6. Shock(noun)

    a sudden agitation of the mind or feelings; a sensation of pleasure or pain caused by something unexpected or overpowering; also, a sudden agitating or overpowering event

    Etymology: [OE. schokken; cf. D. schokken, F. choquer, Sp. chocar. 161. Cf. Chuck to strike, Jog, Shake, Shock a striking, Shog, n. & v.]

  7. Shock(noun)

    a sudden depression of the vital forces of the entire body, or of a port of it, marking some profound impression produced upon the nervous system, as by severe injury, overpowering emotion, or the like

    Etymology: [OE. schokken; cf. D. schokken, F. choquer, Sp. chocar. 161. Cf. Chuck to strike, Jog, Shake, Shock a striking, Shog, n. & v.]

  8. Shock(noun)

    the sudden convulsion or contraction of the muscles, with the feeling of a concussion, caused by the discharge, through the animal system, of electricity from a charged body

    Etymology: [OE. schokken; cf. D. schokken, F. choquer, Sp. chocar. 161. Cf. Chuck to strike, Jog, Shake, Shock a striking, Shog, n. & v.]

  9. Shock

    to give a shock to; to cause to shake or waver; hence, to strike against suddenly; to encounter with violence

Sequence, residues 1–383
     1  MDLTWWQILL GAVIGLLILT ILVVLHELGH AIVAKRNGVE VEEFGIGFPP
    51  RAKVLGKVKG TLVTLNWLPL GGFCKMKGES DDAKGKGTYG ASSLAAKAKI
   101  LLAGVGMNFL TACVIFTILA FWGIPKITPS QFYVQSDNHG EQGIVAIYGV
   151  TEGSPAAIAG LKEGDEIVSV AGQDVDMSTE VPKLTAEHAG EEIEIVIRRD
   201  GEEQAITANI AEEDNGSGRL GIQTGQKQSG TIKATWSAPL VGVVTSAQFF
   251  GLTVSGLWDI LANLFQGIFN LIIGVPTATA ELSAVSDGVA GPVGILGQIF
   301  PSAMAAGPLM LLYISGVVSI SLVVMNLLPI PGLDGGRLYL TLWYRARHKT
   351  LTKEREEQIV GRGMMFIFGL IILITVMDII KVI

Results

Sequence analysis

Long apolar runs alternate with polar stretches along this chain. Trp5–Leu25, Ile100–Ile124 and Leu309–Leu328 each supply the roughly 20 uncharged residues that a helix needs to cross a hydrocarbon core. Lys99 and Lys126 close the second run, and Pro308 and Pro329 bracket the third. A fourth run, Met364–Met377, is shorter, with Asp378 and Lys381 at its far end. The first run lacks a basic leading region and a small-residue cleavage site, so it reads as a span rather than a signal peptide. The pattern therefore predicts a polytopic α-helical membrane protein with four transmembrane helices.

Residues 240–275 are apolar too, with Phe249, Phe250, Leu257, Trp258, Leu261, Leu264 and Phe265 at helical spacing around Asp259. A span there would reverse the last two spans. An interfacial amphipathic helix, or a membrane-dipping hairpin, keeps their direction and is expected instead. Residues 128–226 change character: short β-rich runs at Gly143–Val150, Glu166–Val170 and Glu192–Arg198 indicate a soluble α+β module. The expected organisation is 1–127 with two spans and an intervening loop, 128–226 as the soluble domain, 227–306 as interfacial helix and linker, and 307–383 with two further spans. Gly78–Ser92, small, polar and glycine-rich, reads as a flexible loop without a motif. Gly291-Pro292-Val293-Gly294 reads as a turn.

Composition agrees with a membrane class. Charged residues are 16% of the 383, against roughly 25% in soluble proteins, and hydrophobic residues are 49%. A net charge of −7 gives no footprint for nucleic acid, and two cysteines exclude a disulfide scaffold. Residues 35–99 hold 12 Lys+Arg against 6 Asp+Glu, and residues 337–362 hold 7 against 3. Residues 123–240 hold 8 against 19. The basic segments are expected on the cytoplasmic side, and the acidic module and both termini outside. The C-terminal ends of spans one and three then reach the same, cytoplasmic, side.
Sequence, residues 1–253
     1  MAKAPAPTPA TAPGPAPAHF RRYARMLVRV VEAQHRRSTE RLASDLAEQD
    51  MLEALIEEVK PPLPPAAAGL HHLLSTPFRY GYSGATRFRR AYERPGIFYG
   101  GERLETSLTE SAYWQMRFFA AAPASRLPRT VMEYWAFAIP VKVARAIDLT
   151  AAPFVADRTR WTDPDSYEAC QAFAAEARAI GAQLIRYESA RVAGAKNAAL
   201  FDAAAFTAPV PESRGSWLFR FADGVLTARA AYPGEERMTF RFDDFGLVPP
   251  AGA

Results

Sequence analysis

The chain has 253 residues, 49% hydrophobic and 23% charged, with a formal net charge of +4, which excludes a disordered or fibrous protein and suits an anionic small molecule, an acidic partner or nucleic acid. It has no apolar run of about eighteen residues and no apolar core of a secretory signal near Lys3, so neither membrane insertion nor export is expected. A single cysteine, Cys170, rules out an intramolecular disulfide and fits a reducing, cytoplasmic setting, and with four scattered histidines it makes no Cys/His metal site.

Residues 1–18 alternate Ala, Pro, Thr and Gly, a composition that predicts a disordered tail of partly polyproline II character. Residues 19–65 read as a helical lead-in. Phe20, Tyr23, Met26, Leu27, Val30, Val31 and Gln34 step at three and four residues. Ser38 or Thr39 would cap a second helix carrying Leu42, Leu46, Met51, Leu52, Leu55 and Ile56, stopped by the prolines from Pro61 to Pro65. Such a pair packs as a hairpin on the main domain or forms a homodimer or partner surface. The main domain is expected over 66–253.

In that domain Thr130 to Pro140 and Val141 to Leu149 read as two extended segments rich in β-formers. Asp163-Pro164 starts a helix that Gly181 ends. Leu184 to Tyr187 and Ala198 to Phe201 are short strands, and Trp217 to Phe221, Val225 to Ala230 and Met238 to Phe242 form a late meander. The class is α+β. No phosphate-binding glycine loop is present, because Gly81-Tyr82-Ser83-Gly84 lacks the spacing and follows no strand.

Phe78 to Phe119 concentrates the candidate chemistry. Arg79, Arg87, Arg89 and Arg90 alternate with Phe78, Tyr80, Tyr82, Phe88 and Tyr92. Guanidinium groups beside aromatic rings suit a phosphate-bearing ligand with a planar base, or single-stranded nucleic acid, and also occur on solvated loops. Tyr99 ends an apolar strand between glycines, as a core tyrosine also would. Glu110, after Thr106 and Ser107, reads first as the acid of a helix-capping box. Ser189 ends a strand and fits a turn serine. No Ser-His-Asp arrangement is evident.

Etymology: [OE. schokken; cf. D. schokken, F. choquer, Sp. chocar. 161. Cf. Chuck to strike, Jog, Shake, Shock a striking, Shog, n. & v.]

  10. Shock

    to strike with surprise, terror, horror, or disgust; to cause to recoil; as, his violence shocked his associates

    Etymology: [OE. schokken; cf. D. schokken, F. choquer, Sp. chocar. 161. Cf. Chuck to strike, Jog, Shake, Shock a striking, Shog, n. & v.]

  11. Shock(verb)

    to meet with a shock; to meet in violent encounter

    Etymology: [OE. schokken; cf. D. schokken, F. choquer, Sp. chocar. 161. Cf. Chuck to strike, Jog, Shake, Shock a striking, Shog, n. & v.]

  12. Shock(noun)

    a dog with long hair or shag; -- called also shockdog

    Etymology: [OE. schokken; cf. D. schokken, F. choquer, Sp. chocar. 161. Cf. Chuck to strike, Jog, Shake, Shock a striking, Shog, n. & v.]

  13. Shock(noun)

    a thick mass of bushy hair; as, a head covered with a shock of sandy hair

    Etymology: [OE. schokken; cf. D. schokken, F. choquer, Sp. chocar. 161. Cf. Chuck to strike, Jog, Shake, Shock a striking, Shog, n. & v.]

  14. Shock(adj)

    bushy; shaggy; as, a shock hair

    Etymology: [OE. schokken; cf. D. schokken, F. choquer, Sp. chocar. 161. Cf. Chuck to strike, Jog, Shake, Shock a striking, Shog, n. & v.]

Freebase

  1. Shock